Saab, GM, Chrysler and Why Sweden is More Capitalist than the US


The usual image we have of the Swedish economy is that they're all rather dreary socialists, revelling in being able to charge some of the highest tax rates in the world. However, there are certain dimensions along which it is possible to prove that Sweden is more capitalist than the US.

Swedish car maker Saab may finally have secured its future after Chinese groups Pang Da and Youngman agreed to buy the company for €100m (£88m).

The loss-making Saab is in bankruptcy protection after failing to pay suppliers. It has not produced a car at its famous Trollhaettan base since April.

Numerous attempts to secure emergency funding for Saab, which employs 3,700 staff, have broken down, and Swedish courts appeared on the verge of scrapping its bankruptcy protection – leaving the company at the mercy of creditors.

The reaction to the local car company going bankrupt is rather different in the two countries. When GM decided that it didn't want to keep subsidising Saab's losses, the Swedish government said, in effect, that if no one wanted to buy it then of course it should go bankrupt. That no one actually wants it is proof perfect that there should be no government subsidy.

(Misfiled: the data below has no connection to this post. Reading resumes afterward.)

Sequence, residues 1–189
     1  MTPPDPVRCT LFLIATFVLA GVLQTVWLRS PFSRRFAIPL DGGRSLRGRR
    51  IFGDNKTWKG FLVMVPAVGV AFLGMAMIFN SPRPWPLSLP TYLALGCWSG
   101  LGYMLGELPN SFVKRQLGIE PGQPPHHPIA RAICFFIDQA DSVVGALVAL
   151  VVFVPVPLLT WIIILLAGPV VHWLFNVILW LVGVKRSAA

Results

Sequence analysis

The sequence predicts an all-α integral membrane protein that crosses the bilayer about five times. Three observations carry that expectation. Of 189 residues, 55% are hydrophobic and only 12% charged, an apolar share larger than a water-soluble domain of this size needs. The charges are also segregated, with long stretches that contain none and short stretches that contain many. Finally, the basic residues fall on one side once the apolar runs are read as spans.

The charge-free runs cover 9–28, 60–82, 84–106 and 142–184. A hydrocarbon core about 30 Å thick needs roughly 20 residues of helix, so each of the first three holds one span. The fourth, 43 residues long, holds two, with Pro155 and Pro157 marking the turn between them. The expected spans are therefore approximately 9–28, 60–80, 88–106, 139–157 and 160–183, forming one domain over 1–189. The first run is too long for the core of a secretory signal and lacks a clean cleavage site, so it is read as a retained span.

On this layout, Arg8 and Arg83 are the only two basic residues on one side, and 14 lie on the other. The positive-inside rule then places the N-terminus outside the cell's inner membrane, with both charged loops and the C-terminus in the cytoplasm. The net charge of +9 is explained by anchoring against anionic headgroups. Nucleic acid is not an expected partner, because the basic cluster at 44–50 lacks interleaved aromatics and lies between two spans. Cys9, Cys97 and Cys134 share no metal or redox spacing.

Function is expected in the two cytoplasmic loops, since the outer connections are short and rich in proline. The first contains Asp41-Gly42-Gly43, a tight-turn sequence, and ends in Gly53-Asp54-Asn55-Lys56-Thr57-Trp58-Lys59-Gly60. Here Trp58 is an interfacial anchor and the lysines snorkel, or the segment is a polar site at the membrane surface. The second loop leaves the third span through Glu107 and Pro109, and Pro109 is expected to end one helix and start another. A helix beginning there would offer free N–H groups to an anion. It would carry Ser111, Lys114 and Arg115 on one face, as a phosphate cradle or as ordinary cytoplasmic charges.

The Swedish government has been as good as its word too: when Spyker bought Saab they didn't interfere, when Saab went bankrupt they didn't interfere and now the Chinese have bought it they didn't interfere.

This is just one of the ways in which Sweden just isn't as socialist or left-wing or even modern day liberal as many seem to think. The country has no national minimum wage, no inheritance tax, capital and certainly corporate taxes are lower than in the US, in fact, the tax system as a whole is less progressive than that of the US or UK. It just isn't what many seem to think it is.

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